All this time [Russian unit] marched under heavy mortar and artillery shelling. Dead and wounded started appearing. When we reported to our battalion commander Major Vasyura about dead and wounded, he cussed: ‘leave them and keep advancing!!!’ [...]

In May [Russia] brought the remnants of ‘Bars’ (trained reservists from all of Russia) – 14 people. They assaulted Dolgen’koye for a month and remained in the area. As I understand it, they were attached to the leadership of our wicked division. In total, 340 of them arrived to Ukraine. After a month of shelling only 57 remained. Moreover, half of the survivors were at the headquarters. Most of them were wounded. They never had a single firefight, all the losses came from Ukrainian artillery fire [...]

Ukrainian army continuously shells our positions with mortars, artillery, Tochka-U’s. I have no idea where Ukraine got so many Tochka-U’s from.

He’s not the only one that has complained about Russian and proxy forces taking heavy casualties from accurate Ukrainian artillery. Heck, we see video after video of such strikes.

Ukraine has another major weapon in its artillery toolbox—its “Uber for artillery” app called Krapiva. Rather than routing targeting missions through individual units and their fire direction people, targeting units (whether drones or human spotters) punch in the coordinates and the app determines which guns are most efficiently located to handle the fire mission. This home-grown solution dramatically increases the efficiency of the nation’s artillery forces.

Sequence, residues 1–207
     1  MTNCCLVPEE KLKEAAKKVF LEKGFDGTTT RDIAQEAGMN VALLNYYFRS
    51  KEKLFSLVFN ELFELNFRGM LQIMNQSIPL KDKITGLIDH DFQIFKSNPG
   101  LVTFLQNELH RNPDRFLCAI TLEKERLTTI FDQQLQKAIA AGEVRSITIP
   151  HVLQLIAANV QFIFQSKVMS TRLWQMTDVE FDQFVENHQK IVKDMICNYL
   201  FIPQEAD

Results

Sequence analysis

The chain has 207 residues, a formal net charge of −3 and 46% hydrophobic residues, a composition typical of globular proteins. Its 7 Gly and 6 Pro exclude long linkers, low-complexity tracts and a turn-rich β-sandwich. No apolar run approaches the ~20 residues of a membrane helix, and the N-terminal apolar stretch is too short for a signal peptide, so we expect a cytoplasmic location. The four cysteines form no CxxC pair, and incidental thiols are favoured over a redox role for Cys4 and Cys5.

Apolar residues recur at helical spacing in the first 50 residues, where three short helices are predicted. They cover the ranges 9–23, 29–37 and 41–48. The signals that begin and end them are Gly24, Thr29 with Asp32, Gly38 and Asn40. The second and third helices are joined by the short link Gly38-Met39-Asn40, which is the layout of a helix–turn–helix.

The average time required to deploy a howitzer battery has been reduced by a factor of 5 — to three minutes -; the time required to engage an unplanned target by a factor of 3, to one minute; while the time required to open counter-battery fire has been divided by 10, down to 30 seconds. In a nutshell, and combined with the systematic use of drones for fire correction, Kropyva has increased the effectiveness of Ukrainian artillery by an order of magnitude, acting as a force multiplier.